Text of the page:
You don’t need to measure exactly four ounces of oats. You don’t need to be fussy and obsessive about portions and calories. You don’t need to spend twenty hours in the kitchen, bent over a hot stove, following complicated recipes with dozens of ingredients. We’re going to keep things simple, quick, fresh, and tasty.
What to Eat
For the rest of your life, you might want to real food, which means organic vegetables and fruits, and whole, unrefined grains and legumes. Aim for abundance and diversity—at least thirty different types of produce every week. You can do it! Use this handy checklist to help you increase the diversity of foods you eat.
- Bok Choy
- Brussel sprouts
- Cabbage—red and green
- Celery root or Celeriac
- Collard greens
- Dandelion greens
- Green beans
- Kale—all varieties, cooked only
- Lettuce—all varieties except Iceberg
- Peppers—green, red, and yellow
- Potatoes—all varieties
- Spinach—cooked only
- Squash—all varieties
- Sweet potato
- Zucchini • Juices made from organic fruits and vegetables.
What Not to Eat
- Food that was prepared in a factory.
- Food that has been contaminated with toxins/pesticides.
- Food that has been heavily processed—frozen, freeze-dried, deep-fried, preserved, sulfured, packaged, etc.
- Food that has been sitting on a shelf for more than two days, like packaged crackers, cookies, breads and cereals.
- Food that is refined, like flours, oils, beverages, etc.
- Food that feels hard to digest, or that just doesn’t feel “right” for your body.
- Anything that leaves you feeling sluggish instead of energized.
- Foods that are coated in refined salt, sugar, or oil.
- Foods that have a face or a mother (hint: fish, seafood, or meat).
Where will I get my protien?
- You’ve been misled for decades, by the meat, dairy, and agricultural industry, about the amount of protein your body needs to maintain health.
- More is not better. In fact, too much protein, like the volume consumed in our SAD (Standard American Diet), actually shortens your life span.
- You don’t actually eat “protein.” You eat essential amino acids found in food, which your body then uses to build thousands of different types of proteins that your body requires. This process happens inside your body.
- The largest land animals on the planet are herbivores and eat only plants: the giraffe, elephant, buffalo, bison, cattle, moose, horse, rhinoceros, hippopotamus, and even a number of extinct dinosaurs, too.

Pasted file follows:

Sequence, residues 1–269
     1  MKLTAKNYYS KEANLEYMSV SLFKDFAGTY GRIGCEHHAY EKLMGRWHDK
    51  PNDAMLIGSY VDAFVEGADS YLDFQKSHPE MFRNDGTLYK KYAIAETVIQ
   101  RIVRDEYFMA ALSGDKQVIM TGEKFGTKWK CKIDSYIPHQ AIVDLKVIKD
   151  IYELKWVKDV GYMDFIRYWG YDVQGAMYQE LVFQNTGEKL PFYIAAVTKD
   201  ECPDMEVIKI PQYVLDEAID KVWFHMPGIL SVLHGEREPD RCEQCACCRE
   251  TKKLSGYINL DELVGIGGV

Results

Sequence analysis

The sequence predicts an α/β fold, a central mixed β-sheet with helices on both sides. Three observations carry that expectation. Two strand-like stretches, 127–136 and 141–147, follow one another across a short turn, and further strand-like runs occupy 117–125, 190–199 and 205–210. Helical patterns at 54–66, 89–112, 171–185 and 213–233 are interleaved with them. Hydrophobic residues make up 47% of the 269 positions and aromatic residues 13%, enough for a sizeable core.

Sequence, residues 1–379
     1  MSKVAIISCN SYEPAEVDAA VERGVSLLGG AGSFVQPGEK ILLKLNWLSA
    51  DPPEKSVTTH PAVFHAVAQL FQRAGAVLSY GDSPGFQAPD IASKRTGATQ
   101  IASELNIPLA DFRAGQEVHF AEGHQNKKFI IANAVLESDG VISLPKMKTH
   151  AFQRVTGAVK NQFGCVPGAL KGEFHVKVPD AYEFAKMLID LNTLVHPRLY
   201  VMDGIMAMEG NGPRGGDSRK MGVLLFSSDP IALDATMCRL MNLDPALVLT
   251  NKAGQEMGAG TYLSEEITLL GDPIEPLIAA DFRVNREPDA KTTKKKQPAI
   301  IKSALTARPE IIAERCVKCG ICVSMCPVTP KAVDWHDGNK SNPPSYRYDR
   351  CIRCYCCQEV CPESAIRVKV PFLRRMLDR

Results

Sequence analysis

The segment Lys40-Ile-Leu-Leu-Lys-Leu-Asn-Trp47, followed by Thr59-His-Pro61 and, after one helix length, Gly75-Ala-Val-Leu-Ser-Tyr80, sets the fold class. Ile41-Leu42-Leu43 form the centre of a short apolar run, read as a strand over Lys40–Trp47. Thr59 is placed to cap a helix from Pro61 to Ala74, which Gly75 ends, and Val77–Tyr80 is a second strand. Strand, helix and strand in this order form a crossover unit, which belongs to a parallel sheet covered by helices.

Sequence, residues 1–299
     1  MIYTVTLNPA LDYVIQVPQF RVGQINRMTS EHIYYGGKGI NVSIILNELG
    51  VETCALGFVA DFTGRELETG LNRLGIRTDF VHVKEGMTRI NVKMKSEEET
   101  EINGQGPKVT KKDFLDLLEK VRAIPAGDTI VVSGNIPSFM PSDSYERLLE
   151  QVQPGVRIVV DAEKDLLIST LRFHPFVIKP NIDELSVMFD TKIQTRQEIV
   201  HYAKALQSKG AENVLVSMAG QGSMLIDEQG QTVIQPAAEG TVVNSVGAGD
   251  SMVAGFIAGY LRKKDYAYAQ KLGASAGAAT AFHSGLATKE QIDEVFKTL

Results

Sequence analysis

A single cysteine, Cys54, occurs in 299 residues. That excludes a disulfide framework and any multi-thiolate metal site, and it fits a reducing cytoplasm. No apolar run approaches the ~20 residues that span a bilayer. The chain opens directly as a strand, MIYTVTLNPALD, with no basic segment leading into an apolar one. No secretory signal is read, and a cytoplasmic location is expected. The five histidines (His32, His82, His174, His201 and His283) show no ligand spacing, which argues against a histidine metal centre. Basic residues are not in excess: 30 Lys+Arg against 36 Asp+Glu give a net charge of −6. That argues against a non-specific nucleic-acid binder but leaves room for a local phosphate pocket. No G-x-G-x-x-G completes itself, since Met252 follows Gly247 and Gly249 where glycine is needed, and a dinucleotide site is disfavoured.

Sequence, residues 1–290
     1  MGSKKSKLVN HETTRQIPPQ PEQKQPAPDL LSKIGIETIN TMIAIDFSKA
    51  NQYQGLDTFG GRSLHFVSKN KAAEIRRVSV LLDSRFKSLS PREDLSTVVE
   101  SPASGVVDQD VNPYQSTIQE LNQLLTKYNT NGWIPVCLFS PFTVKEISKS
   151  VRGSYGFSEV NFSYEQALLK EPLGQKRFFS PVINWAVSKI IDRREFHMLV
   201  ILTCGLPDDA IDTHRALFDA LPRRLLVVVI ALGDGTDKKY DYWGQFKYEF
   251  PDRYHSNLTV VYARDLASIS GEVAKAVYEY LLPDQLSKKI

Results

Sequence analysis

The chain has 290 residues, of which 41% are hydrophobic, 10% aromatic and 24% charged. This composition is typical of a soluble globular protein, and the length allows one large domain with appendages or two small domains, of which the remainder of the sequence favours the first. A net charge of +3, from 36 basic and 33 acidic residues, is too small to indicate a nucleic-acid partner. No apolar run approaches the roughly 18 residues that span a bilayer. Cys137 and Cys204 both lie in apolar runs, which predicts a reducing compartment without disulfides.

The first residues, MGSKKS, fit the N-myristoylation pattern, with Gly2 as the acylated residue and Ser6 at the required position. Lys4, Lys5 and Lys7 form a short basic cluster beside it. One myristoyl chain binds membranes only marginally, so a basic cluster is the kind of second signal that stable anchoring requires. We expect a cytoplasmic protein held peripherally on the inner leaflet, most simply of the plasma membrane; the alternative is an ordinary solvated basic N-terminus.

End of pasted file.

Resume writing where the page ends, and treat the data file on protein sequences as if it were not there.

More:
- You can be a high-endurance or even an ultra-endurance athlete, like Rich Roll and others, and still live an entirely plantstrong lifestyle.
Use Common Sense
You don’t need to be a scientist, a health expert, or an orthomolecular nutrition educator to know what “real food” is and isn’t. You already know.
A fast-food cheeseburger? Not real food.
A fruit-flavored energy drink that’s full of mysterious chemicals? Not real food.
A salad topped with stale croutons, cheese crumbles, and strips of processed deli meat? OK, we’re moving in the right direction, but that’s still not real food.
Real food is clean, unprocessed, wholesome, and close to nature— the kind of food that you can pluck from the garden or pick off a tree.
A good question to consider is, “If I eat this or that food, will this promote health, or will this take away from my health?” Use your common sense to guide you.
Stop Counting Calories Yes. You’ll never need to count another calorie again. And you’ll also get to eat when you are hungry and as much as you want. That’s because the Gerson Therapy, many plantbased lifestyles, and this program in particular are based on eating a plethora of whole foods that are naturally high in nutrients and low in calories. The standard American diet is full of processed and refined ingredients and is typically low in nutrients and high in calories, which forces you to consume even more food, as your body and brain are desperate to get quality nutrients that will support their many daily functions.
And don’t worry, you won’t go hungry with this new lifestyle. In fact, you’ll find that your energy is sustained for longer periods of time between meals—no more energy dips at 11:00 a.m. and 2:00 p.m., and no more food cravings at night.
Image credits goes to:Toa Heftiba